Environmental models are used to make predictions that form the technical basis for water-management decisions. For example, groundwater flow models can be used to predict the impacts of pumping on nearby surface water bodies, to inform mine dewatering activities, and to guide the design and operation of remediation facilities.
Environmental model results are often presented as a single set of predictions, suggesting a very high level of confidence. In reality, however, all environmental models contain uncertainties. The dominant sources of uncertainty in groundwater flow models include the underlying model structure, which must reflect the aquifer geometry; the model boundaries, which represent flow into and out of the system; and aquifer properties such as transmissivity, which are typically estimated by calibrating or “tuning” until the model predictions match historic and current observations.
These uncertainties translate to uncertainty in model predictions. Consequently, communicating the nature and degree of model prediction uncertainty to users is critical; in fact, the EPA, NRC, and other regulatory agencies believe this is fundamental to environmental risk assessment. Omitting such information may cause a model to be perceived as unreliable, or unfit, for quantifying future conditions; without it, users are getting an incomplete picture.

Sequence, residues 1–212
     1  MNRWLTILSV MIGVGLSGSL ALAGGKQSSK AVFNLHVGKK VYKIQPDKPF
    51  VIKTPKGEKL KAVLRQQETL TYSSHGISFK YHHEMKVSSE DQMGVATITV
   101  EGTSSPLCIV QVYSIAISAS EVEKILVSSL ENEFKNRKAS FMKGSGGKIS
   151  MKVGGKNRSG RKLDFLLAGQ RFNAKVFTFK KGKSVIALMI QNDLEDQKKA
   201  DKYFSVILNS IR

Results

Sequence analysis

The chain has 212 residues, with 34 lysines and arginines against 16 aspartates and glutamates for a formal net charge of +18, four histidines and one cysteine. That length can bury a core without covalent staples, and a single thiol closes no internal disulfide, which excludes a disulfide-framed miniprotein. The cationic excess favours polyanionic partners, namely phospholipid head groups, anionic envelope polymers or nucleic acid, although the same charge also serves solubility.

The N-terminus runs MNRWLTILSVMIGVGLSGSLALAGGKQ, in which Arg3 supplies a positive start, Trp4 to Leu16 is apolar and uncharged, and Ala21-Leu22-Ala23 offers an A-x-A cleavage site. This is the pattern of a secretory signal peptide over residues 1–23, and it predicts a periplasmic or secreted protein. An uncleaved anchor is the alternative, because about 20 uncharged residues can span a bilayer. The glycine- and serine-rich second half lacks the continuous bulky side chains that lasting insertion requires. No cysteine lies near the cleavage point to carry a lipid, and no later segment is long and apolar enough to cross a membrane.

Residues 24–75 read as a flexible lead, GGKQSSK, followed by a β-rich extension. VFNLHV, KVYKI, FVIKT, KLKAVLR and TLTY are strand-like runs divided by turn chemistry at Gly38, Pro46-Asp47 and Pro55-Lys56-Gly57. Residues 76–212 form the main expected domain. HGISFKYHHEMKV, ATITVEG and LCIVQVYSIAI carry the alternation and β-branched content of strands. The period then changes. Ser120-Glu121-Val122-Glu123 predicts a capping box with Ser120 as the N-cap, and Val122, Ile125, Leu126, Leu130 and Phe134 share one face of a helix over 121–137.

But what if an uncertainty analysis reveals that your model predictions are “too uncertain”? This may be problematic for many real-world water-management scenarios. Fortunately, model prediction uncertainty can be reduced by designing sampling and monitoring strategies to target the critical uncertainties that are associated with the prediction of interest. This is known as “data-worth” analysis — determining the worth of having additional data.
Explicitly quantifying the uncertainty of model predictions provides a better basis for water-management decisions than a single, deterministic set of predictions. If the level of predictive uncertainty is unacceptable, targeted data collection can reduce it to an acceptable level. As such, analyses of uncertainty and “data worth” add value to hydrologic investigations — and they should be conducted whenever model predictions are used to support important water-resource decisions.
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